Exposing Lane County’s Geology

There are some places in the Eugene area where the geological history of the area is on display, such as the basalt columns at Skinner Butte. But for the most part, we don’t think about the fact that we drove over 40 million year old lava when we’re parking at Market of Choice to get our organic salad greens. I really enjoy exploring these hidden aspects of our environment. This was published in the August 2014 issue of Boomer and Senior News.

Just outside the building housing the office of University of Oregon geology professor Greg Retallack is a tree he calls “a living fossil.” Photo by Vanessa Salvia

Just outside the building housing the office of University of Oregon geology professor Greg Retallack is a tree he calls “a living fossil.” Photo by Vanessa Salvia


Lane County’s Geology
Exposing our hidden history

By Vanessa Salvia

Most fossils are hidden. They are buried under our homes and roads, embedded in the stony hills around us. Some fossils, however, are right out in the open, where we can walk past them every day. One of those is Metasequoia glyptostroboides, a tree known as the Dawn Redwood. One of these trees thrives at the University of Oregon campus, right outside the office of geology professor Greg Retallack. “This tree is a living fossil,” Retallack says.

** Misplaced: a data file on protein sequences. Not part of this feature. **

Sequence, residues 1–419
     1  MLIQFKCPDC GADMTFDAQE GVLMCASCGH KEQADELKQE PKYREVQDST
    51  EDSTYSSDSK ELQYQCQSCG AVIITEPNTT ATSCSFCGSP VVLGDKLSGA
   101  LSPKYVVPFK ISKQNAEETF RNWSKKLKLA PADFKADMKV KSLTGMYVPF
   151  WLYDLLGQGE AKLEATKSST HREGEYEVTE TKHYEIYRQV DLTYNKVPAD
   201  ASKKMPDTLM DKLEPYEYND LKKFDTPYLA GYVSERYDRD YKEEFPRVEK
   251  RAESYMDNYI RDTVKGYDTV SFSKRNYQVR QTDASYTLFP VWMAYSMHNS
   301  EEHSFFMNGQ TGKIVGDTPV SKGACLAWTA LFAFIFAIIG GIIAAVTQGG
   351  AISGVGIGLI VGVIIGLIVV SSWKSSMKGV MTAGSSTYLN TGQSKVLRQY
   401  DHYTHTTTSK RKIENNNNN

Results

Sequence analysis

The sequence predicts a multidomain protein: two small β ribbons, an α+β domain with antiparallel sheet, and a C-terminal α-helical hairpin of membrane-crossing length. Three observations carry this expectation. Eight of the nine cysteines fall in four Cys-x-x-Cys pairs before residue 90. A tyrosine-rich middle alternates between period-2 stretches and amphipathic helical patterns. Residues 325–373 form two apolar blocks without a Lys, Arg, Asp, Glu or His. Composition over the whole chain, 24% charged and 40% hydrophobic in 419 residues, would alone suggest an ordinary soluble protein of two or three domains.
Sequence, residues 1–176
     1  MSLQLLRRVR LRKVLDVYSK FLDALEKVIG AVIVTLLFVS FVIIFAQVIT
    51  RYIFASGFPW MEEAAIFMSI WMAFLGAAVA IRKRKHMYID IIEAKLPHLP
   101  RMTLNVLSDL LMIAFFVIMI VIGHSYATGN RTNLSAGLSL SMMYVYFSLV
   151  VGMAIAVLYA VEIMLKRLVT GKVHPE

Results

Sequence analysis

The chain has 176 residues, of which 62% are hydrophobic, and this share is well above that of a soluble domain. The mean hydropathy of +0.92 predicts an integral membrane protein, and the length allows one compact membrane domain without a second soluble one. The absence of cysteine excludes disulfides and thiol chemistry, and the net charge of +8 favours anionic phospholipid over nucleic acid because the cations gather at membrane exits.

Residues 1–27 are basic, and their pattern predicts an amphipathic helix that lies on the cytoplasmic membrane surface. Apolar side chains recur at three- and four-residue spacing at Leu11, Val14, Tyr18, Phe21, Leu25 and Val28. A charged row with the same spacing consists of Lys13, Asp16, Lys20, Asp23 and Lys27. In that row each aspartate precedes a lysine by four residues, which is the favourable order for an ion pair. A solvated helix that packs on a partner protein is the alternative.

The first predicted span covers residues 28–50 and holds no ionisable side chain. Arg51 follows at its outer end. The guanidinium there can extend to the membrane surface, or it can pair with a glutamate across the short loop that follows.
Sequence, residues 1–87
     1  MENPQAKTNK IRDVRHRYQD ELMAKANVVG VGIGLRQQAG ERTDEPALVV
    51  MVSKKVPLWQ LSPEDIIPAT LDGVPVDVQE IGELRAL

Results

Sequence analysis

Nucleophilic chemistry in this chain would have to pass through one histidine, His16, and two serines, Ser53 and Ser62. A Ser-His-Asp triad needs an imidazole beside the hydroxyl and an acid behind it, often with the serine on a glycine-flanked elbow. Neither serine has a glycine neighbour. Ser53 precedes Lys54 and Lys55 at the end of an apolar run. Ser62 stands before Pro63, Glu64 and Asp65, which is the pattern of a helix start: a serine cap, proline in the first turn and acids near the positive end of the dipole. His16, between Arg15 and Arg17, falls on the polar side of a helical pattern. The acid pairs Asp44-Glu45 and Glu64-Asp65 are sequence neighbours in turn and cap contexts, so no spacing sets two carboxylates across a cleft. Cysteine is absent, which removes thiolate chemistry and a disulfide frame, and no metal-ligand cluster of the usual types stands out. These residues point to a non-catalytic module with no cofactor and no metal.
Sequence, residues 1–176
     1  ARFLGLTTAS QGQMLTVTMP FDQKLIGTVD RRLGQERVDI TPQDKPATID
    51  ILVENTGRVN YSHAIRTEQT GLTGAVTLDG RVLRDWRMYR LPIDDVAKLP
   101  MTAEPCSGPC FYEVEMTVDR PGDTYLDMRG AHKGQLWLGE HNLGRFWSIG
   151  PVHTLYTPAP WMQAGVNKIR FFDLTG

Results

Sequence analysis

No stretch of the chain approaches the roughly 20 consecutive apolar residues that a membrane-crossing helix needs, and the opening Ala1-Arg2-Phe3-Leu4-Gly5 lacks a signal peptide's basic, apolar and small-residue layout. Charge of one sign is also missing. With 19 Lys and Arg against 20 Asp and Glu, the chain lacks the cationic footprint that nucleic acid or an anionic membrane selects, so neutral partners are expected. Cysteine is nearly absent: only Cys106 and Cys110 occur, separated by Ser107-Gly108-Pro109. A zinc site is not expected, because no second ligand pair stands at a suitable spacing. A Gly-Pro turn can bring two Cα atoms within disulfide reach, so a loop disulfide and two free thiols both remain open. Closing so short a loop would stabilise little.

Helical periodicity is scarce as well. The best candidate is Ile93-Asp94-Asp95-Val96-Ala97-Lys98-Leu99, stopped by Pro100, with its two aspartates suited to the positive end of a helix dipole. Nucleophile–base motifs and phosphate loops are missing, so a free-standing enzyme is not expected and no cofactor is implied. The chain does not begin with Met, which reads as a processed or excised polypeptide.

Metasequoia glyptostroboides, Oregon’s state fossil, covered the landscape of earth’s temperate regions during the time of the dinosaurs known as the Late Cretaceous. The tree was known only through the fossil record and was believed to be extinct until 1944, when some living trees were found in a remote Chinese valley. Some seeds from these newly discovered trees were distributed to Oregon scientists shortly after.

The geology building on campus is named for Thomas Condon, who was appointed the first State Geologist for Oregon in 1872. He resigned that post to become the University of Oregon’s first geology professor. Condon founded the University of Oregon Museum of Natural and Cultural History, and his fossil collection is now the backbone of the museum’s exhibits.

Greg Retallack, an Australian who researches fossil soils of the planet’s oldest rock formations, is one of the directors of the Condon Fossil Collection at the museum. When he looks around, he doesn’t just see the tree-covered Coburg Hills, the pure water of the McKenzie River or the rock-climbing columns at Skinner Butte. He sees 40 million-year-old lava flows near Donald Street in Eugene. Thirty-million-year-old lava flows near the Mohawk area of Springfield. And those columns at Skinner Butte? Those are columns of basalt, which formed when magma intruded upon the sedimentary layers of rock known as the Eugene Formation. The horizontal cracks which are so convenient to rock climbers were caused by the rock contracting as it cooled.